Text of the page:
Microsoft Says It Will Be More Accommodating to Third-Party Anti-Virus
Kaspersky Lab says it will withdraw antitrust complaints it filed in Europe against Microsoft over how Windows handles third-party security products, defusing a barbed yearlong dispute between the companies.
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Microsoft, likely unenthusiastic about a fresh battle with antitrust authorities, says it will make several changes to an upcoming update to its Windows operating system, due to be released later this year.
The modifications include giving anti-virus developers more leverage to use their own style of notification that subscriptions are expiring. Microsoft also pledged to give vendors more information about upcoming changes to Windows.
“We appreciate the feedback and continued dialogue with our partners and are pleased to have found common ground with Kaspersky Lab on the complaints raised in Russia and Europe,” writes Rob Lefferts, partner director for Windows Enterprise and Security, in a blog post.
In a blog, Kaspersky Lab says: “We sincerely believe that these changes will make the cybersecurity market healthier, resulting in better protection for all users. We are grateful Microsoft is addressing these issues completely, making sure that both partnerships and diversity are preserved on the market for both user and industry benefit.”
Kaspersky Lab co-founder and CEO Eugene Kaspersky wrote a series of blog posts over the past year alleging that Microsoft had tweaked Windows to favor its own built-in anti-malware software, Windows Defender, which is free.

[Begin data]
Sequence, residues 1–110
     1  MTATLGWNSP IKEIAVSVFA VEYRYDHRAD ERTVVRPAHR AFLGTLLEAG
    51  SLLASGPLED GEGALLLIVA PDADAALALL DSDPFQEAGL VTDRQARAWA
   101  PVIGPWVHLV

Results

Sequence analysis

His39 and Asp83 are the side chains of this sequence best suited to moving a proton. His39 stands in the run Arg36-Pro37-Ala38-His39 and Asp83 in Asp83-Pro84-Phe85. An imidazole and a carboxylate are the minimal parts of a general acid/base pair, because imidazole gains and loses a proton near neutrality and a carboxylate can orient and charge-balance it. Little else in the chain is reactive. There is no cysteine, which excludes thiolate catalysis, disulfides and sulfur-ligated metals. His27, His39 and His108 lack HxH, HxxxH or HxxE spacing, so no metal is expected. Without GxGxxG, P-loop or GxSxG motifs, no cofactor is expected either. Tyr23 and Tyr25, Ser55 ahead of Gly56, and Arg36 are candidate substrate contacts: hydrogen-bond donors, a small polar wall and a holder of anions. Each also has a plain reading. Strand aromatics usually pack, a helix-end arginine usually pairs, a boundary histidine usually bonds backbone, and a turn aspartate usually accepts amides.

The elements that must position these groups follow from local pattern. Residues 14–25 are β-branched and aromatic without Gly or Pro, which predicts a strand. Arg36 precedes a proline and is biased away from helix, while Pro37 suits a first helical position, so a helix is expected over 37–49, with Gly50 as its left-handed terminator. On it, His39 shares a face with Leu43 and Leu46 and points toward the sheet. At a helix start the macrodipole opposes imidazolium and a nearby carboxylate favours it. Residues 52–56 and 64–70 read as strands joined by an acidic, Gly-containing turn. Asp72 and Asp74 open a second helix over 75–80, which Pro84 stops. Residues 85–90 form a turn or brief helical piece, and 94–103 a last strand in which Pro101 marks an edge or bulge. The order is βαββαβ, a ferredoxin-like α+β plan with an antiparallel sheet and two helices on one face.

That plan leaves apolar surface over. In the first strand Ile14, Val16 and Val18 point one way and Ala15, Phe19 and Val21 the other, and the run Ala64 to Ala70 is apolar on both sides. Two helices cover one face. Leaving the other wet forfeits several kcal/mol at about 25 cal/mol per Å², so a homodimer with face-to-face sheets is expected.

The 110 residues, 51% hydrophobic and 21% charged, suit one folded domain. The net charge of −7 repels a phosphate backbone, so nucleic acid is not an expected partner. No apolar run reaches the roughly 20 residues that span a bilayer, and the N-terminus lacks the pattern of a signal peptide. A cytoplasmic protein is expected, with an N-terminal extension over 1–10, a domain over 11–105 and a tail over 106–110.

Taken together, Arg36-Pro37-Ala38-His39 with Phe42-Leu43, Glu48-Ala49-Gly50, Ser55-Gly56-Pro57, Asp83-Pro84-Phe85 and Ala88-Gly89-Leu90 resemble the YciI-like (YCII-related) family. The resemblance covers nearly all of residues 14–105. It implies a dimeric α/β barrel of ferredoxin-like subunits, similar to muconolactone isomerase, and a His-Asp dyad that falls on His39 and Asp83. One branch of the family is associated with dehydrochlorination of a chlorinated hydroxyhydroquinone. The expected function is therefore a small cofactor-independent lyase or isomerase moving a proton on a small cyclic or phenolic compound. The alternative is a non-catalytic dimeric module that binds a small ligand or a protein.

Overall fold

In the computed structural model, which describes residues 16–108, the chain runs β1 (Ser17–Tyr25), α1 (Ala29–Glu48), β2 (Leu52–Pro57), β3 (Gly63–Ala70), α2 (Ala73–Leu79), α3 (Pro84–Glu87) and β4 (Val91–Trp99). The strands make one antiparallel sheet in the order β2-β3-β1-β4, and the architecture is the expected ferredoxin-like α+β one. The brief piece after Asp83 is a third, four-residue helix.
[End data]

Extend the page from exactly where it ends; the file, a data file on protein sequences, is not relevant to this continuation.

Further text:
He contended that the company’s anti-virus software wasn’t allowed to adequately notify users when a subscription had lapsed. Microsoft, he wrote, mandated that third-party vendors use a notification system built into Windows called the Action Center. Kaspersky argued that users paid little attention to messages there.
Kaspersky Lab also hit a major hiccup in April when Microsoft released its Windows 10 Creators update, a feature-oriented refresh. Kaspersky charged that it deleted the drivers for its software, making it unusable, then flicked on Windows Defender.
In June, Microsoft defended how Windows behaved and didn’t deny it flicked off some third-party AV applications after users upgraded to Creators. But most security applications ran fine after the update, it contended.
Kaspersky Lab approached Russian regulators last November. It filed a complaint with the country’s Federal Antimonopoly Service. Kaspersky wrote in a blog post in June that Microsoft fixed some issues of concern before the FAS had taken any action.
But Kaspersky Lab then took its complaint to other regulators, including the European Commission and Germany’s Federal Cartel Office.
Microsoft says it will provide security companies with “compatibility reviews” prior to Windows feature updates.
“We will give AV partners better visibility and certainty around release schedules for feature updates,” Lefferts writes. “This includes increasing the amount of time AV partners will have to review final builds before the next Windows 10 feature update is rolled out to customers.”
Security vendors will also be able to craft their own alerts and notifications to warn users before their subscription is up and then after it has expired, Lefferts writes.
“Instead of providing an initial toast notification that users could ignore, the new notification will persist on the screen until the user either elects to renew the existing solution or chooses to rely on Windows Defender or another solution provider,” Lefferts writes.